Here are eight tips to help you be a first-class cymbidium orchid grower for shows and contests where the competition may be fierce. Each tip will help give you the edge needed to rise in the ranks.
1. Help Your Plant to Flower
By now, you would know that good culture and sufficient light are necessary for triggering a cymbidium to flower.
Here’s the tip: Drop the Nitrogen in your fertilizing program. Look for a fertilizer that provides twice the Potassium (K) level as Nitrogen (N) and apply this during the months of spike initiation to maximize spike production.
We use a highly soluble NPK crop-specific fertilizer: N: 11.5%, P: 3.5%, K: 28%.
You may not be able to purchase a product with exactly those numbers. Perhaps your nursery supplies outlet has products with combinations like 7:11:27, 10:8:18, or 10:5:20. They are perfectly fine, but formulations that are said to be balanced, such as 20-20-20, are to be avoided.
After the spike initiation phase, you can resume a higher nitrogen level with the added benefit of greening up the leaves.
2. Choose Quality Plants
Good orchids are no longer expensive; however, you must be selective in your acquisitions. Many have made hybrids and are full of glowing predictions for these new marvels, wonderful qualities, and traits to come. Unfortunately, from our experience, many crosses have been made with plants of questionable value – the outcome years down the track is a clutter of plants of average merit.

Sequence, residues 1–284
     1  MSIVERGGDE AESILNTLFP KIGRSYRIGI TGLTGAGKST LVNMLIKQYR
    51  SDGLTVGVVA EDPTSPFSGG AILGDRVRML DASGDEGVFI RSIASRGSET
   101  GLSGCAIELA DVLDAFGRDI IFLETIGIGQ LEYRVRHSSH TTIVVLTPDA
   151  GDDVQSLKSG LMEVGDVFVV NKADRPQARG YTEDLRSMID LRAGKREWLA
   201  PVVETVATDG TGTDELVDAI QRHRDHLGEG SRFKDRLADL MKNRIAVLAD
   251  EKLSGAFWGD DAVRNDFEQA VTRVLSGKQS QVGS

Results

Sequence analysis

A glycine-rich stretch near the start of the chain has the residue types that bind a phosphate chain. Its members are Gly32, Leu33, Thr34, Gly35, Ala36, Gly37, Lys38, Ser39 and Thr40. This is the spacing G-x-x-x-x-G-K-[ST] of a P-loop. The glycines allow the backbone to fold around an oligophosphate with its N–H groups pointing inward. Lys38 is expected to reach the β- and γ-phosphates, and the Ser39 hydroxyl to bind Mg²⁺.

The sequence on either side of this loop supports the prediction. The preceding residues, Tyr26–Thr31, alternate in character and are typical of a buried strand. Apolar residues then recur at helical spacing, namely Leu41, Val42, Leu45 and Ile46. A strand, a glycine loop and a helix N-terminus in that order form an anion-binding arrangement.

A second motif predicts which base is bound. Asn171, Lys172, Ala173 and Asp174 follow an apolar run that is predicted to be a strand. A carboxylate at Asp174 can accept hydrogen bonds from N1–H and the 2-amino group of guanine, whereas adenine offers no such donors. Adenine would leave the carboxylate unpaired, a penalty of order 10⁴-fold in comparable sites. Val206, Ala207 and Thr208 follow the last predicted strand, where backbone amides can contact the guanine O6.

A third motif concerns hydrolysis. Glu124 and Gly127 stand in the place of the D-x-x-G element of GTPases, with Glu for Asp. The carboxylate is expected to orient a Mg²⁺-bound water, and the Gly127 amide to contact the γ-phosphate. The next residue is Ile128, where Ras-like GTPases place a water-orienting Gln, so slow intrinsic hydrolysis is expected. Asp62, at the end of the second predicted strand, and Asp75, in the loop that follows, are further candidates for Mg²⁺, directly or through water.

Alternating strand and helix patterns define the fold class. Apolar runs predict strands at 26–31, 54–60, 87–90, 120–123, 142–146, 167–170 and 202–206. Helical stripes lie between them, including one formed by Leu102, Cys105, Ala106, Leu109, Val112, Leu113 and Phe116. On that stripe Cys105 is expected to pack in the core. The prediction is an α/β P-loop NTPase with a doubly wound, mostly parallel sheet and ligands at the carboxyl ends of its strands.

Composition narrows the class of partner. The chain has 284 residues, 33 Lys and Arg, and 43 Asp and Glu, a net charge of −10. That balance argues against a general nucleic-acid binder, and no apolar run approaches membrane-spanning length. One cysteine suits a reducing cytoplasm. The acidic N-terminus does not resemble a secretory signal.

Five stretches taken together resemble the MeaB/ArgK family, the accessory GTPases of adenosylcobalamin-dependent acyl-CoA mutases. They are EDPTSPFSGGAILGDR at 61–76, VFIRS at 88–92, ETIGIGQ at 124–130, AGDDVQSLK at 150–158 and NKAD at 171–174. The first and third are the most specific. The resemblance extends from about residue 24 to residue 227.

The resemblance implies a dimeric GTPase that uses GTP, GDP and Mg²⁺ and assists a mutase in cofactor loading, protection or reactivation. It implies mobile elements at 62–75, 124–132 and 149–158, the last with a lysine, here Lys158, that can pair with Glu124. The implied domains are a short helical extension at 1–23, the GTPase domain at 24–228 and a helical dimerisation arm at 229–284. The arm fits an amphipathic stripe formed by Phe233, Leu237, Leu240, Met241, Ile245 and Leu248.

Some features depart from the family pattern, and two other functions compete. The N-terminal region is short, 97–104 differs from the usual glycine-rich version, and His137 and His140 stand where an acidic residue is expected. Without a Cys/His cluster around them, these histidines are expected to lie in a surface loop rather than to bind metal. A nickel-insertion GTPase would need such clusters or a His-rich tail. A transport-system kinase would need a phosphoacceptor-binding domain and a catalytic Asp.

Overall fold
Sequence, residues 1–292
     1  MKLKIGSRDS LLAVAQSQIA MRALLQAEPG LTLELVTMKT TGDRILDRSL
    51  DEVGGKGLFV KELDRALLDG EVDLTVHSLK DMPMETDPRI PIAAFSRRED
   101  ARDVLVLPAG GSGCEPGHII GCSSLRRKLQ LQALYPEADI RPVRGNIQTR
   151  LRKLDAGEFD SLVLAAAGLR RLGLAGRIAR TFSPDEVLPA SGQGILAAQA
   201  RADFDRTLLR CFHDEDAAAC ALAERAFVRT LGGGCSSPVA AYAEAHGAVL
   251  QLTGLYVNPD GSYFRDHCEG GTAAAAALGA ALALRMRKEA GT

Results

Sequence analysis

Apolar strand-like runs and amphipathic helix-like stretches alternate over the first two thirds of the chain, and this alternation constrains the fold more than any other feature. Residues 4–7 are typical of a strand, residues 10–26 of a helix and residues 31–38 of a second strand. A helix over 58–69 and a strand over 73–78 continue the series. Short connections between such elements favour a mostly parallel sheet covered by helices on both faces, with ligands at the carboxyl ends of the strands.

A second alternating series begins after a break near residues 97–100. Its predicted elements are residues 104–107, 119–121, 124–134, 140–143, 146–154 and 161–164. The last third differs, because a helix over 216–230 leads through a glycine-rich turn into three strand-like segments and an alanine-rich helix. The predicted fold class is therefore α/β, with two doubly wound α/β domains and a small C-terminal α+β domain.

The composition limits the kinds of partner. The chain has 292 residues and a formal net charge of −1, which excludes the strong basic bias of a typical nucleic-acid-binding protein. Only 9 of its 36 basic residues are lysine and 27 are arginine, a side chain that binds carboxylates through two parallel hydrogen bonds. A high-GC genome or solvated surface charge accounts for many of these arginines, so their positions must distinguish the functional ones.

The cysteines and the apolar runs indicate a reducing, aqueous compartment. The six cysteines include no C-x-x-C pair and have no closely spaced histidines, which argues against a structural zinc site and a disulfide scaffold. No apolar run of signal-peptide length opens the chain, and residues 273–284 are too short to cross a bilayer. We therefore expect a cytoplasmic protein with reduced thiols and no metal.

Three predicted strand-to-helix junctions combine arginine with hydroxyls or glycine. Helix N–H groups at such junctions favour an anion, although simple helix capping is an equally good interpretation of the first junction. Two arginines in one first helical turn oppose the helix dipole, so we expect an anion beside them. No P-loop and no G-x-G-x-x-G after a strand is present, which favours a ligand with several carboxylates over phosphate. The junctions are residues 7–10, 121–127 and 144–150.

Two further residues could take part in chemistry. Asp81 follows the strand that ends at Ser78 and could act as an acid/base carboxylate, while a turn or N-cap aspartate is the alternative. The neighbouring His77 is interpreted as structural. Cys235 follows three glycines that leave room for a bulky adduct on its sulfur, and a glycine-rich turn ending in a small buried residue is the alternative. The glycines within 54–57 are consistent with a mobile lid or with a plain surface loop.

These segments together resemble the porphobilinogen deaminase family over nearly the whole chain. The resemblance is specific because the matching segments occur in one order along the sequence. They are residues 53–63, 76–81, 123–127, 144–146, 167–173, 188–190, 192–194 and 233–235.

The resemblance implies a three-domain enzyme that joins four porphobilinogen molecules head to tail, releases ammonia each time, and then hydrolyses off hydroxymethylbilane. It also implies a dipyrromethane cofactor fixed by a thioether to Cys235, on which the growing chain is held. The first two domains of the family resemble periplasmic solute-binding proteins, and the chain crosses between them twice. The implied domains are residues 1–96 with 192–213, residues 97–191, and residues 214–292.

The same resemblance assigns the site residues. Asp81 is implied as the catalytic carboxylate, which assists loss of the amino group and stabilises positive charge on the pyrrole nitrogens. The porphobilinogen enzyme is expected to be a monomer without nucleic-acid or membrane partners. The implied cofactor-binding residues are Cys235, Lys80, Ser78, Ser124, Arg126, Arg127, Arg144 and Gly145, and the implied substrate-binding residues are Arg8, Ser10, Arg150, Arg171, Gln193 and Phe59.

As you build your collection, you must be selective, constantly refining the criteria for those orchids that will satisfy your taste and interest. For example, if you have a plant that is difficult to flower, get rid of it. Non-bloomers have no place in your collection. They need to make way for cymbidiums of better quality.
3. Specialize in a Specific Type of Cymbidium
You may wish to specialize in a specific type of cymbidium. For example, some people only grow Cym canaliculatum and its offspring. They become knowledgeable about that line, expert in their culture, and spike initiation.
Your area of interest may be some other species, a color you like, a certain size category (miniature, intermediate, standard), style (pendulous, or naturally self-supporting upright), time of the year (early, mid, or late), and so on. Hone in on the area you derive the most pleasure.
Depending on your varieties, you may consider experimenting with variations to the normal upright presentation. If flower placement is high on your list of desirable features, consider a natural high arch. Common in Asian presentations, the high arch can give a visually stunning waterfall effect, especially when three or more spikes are perfectly trained.